This is where you come in…if you are an avid designer or just think there are some things we should think about, please provide comments to me directly at if you have any within the next few days.  Remembering that the only thing we are trying to focus on right now is the logo, font, icon, color etc (Here is a cut out version of the CTCLogoOption, right click to rotate).  Any suggestions, improvements, criticism etc is what we desire.  If we hear an overwhelming reaction either positive or negative then we can always go back to the drawing board.

Thanks in advance for your comments.  Our hope is to have the refresh in place by the end of October for some fall riding and maybe a big launch party and ride…fingers crossed!!  Watch this space.   We hope that we can refresh the route and help make it the most ridden route in Burlington (after up and down the Waterfront Path that is!!)

320 Cyclists Support LM at Islands Bike Tour!


Posted by on Aug 06 2012
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Thanks to the great weather and great coordination from Vermont Farm Tours, the Islands Bike Tour on July 14, 2012 was a smashing success!

The participants meandered along multiple routes and loops through the Islands exploring farms and galleries along the way.  In addition to having lots of fun, the riders raised $1,200 for Local Motion’s work to make the region a better place to bike and walk!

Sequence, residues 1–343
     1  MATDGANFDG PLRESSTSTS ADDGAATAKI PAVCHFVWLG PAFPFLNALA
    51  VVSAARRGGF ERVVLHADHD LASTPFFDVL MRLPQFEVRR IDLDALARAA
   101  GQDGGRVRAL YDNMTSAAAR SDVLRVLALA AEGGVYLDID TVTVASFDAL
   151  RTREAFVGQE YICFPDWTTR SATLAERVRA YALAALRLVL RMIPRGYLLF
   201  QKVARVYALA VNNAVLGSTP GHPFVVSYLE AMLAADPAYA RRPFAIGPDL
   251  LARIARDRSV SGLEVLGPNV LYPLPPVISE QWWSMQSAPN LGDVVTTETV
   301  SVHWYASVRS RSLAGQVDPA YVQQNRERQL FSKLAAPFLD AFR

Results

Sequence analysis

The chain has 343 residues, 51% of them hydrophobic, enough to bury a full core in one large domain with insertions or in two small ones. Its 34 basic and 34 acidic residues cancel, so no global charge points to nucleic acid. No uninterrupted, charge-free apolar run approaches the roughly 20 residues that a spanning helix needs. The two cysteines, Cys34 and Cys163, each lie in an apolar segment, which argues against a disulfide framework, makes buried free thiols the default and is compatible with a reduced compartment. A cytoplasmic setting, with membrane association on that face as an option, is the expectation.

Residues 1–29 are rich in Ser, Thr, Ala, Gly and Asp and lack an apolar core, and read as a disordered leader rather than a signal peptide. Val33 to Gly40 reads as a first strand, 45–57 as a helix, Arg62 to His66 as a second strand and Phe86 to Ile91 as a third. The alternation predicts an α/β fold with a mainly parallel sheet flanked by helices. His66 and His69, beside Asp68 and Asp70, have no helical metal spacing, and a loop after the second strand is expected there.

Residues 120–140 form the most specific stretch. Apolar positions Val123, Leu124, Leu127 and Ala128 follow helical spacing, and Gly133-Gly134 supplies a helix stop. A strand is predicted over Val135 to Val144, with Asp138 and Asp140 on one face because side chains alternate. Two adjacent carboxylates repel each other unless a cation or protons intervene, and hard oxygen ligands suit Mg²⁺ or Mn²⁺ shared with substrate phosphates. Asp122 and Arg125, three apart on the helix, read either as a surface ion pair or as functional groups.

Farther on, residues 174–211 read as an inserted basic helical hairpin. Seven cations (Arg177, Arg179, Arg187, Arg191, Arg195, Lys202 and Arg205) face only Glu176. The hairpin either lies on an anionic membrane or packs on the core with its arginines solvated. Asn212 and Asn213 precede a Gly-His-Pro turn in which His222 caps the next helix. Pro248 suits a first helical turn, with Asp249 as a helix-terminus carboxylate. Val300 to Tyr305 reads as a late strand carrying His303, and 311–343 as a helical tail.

Thank you to Chris Howell, Melissa Meece and the entire VT Farm Tours crew!  Do you want to thank them for raising funds for Local Motion?  Friend VT Farm Tours on Facebook!

Did you like the Islands Bike Tour?  If so, you’ll love the Tour de Farms on September 16 in Addison County.  It’s a benefit for the VT Bicycle & Pedestrian Coalition as well as ACORN and Rural Vermont.

One Revolution & Local Motion Storm Green Drinks


Posted by on Jul 31 2012
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On the last evening in July, cyclists and walkers flooded the Green Drinks event at Main Street Landing. Hosted by Skinny Pancake, over 130 attendees enjoyed good beer and good conversation overlooking Lake Champlain.

The bike and walk culture is thriving in Burlington.  Young and old alike talked about what we can do to make Burlington an even better place to walk and bike.  Local Motion co-sponsored the event with One Revolution — a great bike delivery company in the Queen City.  Check out their compost pick-up service!

Rylan of One Revolution and Local Motion intern Alyson hang with friends at Green Drinks.

Attendees check out Local Motion’s table with information on The Big Fix.

Alexis gets her bike from the secure bike parking area thanks to volunteer Rob and Bike Parking Coordinator Thomas.